Organisation Internationale de Droit du Développement

SDG 16 Conference 2024 Opening Remarks

Statement by the Director-General, Ms Jan Beagle

Monday, 6 May 2024
United Nations Headquarters in New York
Your Excellency, the President of the Italian Republic
Madam Deputy Secretary-General
Ambassador Massari
Under-Secretary-General Li,
Distinguished delegates,

It is a pleasure to welcome you to the fifth SDG 16 Conference on behalf of IDLO, the only global intergovernmental organization dedicated to promoting peace and sustainable development through the rule of law.

For over 40 years, we have partnered with people and governments in all regions to address justice needs and advance nationally led solutions to major development challenges.

I would like to thank Italy and DESA for their continued partnership and support for this SDG 16 Conference.

Our discussion this year comes at a time when the world is facing a perfect storm of intersecting crises, which have exacted a huge cost in human suffering and threaten to reverse decades of hard-won development gains.

There is ample evidence that the causes, and effects, of these crises – whether we talk about conflict, climate change, or the crisis of confidence in public institutions - are deeply rooted in issues of justice.

SDG 16 provides a practical roadmap for tackling these challenges.

It is a critical enabler of all seventeen Sustainable Development Goals and is at the heart of what makes the 2030 Agenda transformative.

At its core lie rule of law, human rights and good governance - fundamental principles that underpin stability, and prosperity, in our societies.

In IDLO’s experience, SDG 16 can be a game changer is three important ways.

First, it emphasizes that conflicts must be prevented rather than managed.

Conflicts are at their highest level since the founding of the United Nations.

Massive violations of international humanitarian and human rights law are occurring in many parts of the world.

Given how hard conflicts are to resolve, we must put our energy to preventing them from breaking out in the first place.

This means investing in measures to address inequalities, impunity, and breakdowns in the rule of law, which are the most common drivers of conflict, to resolve disputes before they escalate into full-blown crises.

This approach also makes economic sense.

The Pathways for Peace report found that for every dollar spent on conflict prevention, we can save 16 dollars in emergency response and reconstruction.

Secondly, progress on SDG 16 contributes to the social, economic, and environmental dimensions of sustainable development and can accelerate the delivery of the entire 2030 Agenda.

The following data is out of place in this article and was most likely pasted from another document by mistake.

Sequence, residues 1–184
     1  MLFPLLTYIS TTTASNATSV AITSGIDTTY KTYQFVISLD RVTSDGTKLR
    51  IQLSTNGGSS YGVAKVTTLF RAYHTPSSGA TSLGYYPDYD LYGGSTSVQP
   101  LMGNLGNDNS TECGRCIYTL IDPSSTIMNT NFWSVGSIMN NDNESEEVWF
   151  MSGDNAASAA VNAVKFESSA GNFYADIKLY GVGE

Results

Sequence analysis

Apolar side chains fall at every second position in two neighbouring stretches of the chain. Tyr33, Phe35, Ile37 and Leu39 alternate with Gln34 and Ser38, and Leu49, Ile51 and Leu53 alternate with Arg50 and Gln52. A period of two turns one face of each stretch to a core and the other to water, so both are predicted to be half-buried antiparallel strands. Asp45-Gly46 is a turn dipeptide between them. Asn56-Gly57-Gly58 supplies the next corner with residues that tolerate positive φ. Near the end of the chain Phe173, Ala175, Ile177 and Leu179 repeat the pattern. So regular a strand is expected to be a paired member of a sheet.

We can see this relationship clearly when we consider the other Goals under review at HLPF this year.

Effective laws, and accessible and accountable institutions, are essential for ending poverty and hunger, and achieving climate justice.

Strengthening governance, promoting transparency, and ensuring inclusive decision-making, can attract investment, generate economic opportunity, and lift people out of poverty.

Recent conflicts are a stark reminder of the link between war and famine, but even in more stable times, the rule of law is essential for securing land rights, enabling sustainable agriculture, and ensuring food security.

Empowering communities at the frontline of climate change can help ensure that the costs and benefits of climate mitigation and adaptation are distributed fairly, and that the most climatevulnerable people are not left behind.

Third and finally, SDG 16 provides a framework to advance the whole of society approaches needed for sustainable development.

Restoring trust in governance requires a genuine effort to understand and address people’s concerns and aspirations.

SDG 16 can help ensure fairness, accountability, and transparency, giving people confidence that institutions are working in the interest of all, rather than a privileged few.

People-centred justice systems protect the rights of the least powerful, and empower them to participate in decision-making.

By bringing together governments, multilateral organizations, civil society, business and academia, we can pool resources, share expertise, and advance the collective project of promoting sustainable development.

I particularly want to emphasize the fundamental role of women and young people.

IDLO puts gender equality at the centre of its mandate, promoting transformative measures to close the gender justice gap.

We are also committed to engaging with young people as equal partners in building a better world for current and future generations.

In these difficult times, it is sometimes easy to lose sight of the fact that positive change is possible, and happening.

We will hear examples today from innovators who have pioneered approaches from expanding access to justice through customary and informal systems, to using technology for inclusive policymaking.

We must focus on such action-oriented solutions that can help to accelerate progress on SDG 16 and make a real difference in people’s lives.

IDLO is proud to be a member of the coalition that fought for the inclusion of SDG 16 in the 2030 Agenda.

Time has proven the centrality of this Goal, and we must continue to keep it high on the international agenda, including prioritizing rule of law in the Pact of the Future.

IDLO looks forward to working with you to make the promise of peaceful, just, and inclusive societies a reality.